So far, Yvonne Jones has broken two records in her political career. First, she was the first member elected to represent her area as an Independent in 27 years. Now elected as a member of the Liberal party, Jones has been named the first woman to serve as fisheries minister for the province of Newfoundland and Labrador.

Jones, sworn in on Feb. 17 as minister of fisheries, and also as minister for the status of women, says she has two goals to accomplish during her tenure in the post: increased development of aquaculture in the province and the “fine-tuning” of the processing and licensing sectors.

Her district of Cartwright-L’anse Au Clair in Labrador has four crab processing facilities, one shrimp plant, two groundfish plants and more than 600 fishermen. “With only a population of 6,000 people, fishing is clearly a prominent industry,” said Jones.

“A province with 500 years’ history in fishing needs to look at what it will do in the next 500 years” after facing a moratorium on the province’s fabled cod fishery and a shutdown of its commercial salmon industry, said Jones. “The future is aquaculture. The government needs to look at strategically investing money in aquaculture.”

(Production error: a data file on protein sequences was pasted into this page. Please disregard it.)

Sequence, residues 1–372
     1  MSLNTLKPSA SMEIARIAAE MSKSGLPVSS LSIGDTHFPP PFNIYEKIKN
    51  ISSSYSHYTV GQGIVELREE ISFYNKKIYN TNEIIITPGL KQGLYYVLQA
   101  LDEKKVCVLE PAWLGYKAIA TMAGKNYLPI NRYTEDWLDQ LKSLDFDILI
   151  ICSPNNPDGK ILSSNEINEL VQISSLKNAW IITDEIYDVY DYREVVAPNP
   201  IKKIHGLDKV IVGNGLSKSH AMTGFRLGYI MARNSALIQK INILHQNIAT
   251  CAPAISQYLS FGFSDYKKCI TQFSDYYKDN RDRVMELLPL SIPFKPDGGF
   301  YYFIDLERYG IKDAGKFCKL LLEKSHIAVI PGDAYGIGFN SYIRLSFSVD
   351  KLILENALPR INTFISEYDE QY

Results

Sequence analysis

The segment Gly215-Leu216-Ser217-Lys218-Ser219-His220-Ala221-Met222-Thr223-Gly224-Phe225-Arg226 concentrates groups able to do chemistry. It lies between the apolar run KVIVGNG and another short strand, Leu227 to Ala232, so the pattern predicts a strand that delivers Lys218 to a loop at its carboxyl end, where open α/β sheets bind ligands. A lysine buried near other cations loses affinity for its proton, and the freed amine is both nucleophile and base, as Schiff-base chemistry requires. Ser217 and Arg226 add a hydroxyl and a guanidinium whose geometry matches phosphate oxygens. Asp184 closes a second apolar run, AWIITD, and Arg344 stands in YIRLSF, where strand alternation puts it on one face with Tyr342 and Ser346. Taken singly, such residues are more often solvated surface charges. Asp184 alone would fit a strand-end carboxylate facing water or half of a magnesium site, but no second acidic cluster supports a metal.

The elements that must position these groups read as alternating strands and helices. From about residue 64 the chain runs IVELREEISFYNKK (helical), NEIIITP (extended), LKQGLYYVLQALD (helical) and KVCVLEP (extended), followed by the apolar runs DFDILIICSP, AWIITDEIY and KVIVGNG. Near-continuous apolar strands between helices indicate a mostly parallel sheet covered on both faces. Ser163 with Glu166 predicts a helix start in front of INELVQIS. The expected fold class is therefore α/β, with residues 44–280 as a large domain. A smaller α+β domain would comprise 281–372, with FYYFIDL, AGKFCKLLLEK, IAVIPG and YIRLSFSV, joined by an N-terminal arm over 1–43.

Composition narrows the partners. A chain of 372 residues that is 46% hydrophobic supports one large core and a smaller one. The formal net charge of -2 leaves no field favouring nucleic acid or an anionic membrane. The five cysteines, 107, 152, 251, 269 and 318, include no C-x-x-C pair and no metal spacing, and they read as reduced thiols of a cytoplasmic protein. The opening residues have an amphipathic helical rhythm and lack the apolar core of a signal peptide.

When the cod moratorium was imposed more than 10 years ago, the federal government spent more than $5 billion to offset its effects. If such an amount had been invested in aquaculture back then, the province “could be outputting more farmed cod than is harvested now,” said Jones, pointing out that Norway has invested heavily in cod farming and is now poised to harvest 60,000 tons of farmed cod in 2007. Adjustments must be made to the licensing and processing sectors, said Jones, since as many as 70 processing facilities, not operating currently, have the potential to be reactivated, straining limited resources.

Despite the tremendous loss of the cod fishery, Jones said the province managed to top $1 billion in seafood exports last year – “the highest in our history” – in part due to stable shrimp and cod prices and an increased value in the seal industry, including seal oil capsules and vitamins. She is proud that a quality control program has brought Newfoundland and Labrador’s seafood from being considered “not very good” to “some of the best in the world” over a six-year period. “Our quality control measures apply from the harvesters to the infrastructure – on the boat, the wharf, the plant and the truck. At first, there was not a great deal of enthusiasm,” she said. “It was expensive for everyone, but now it’s paid off in a big way.”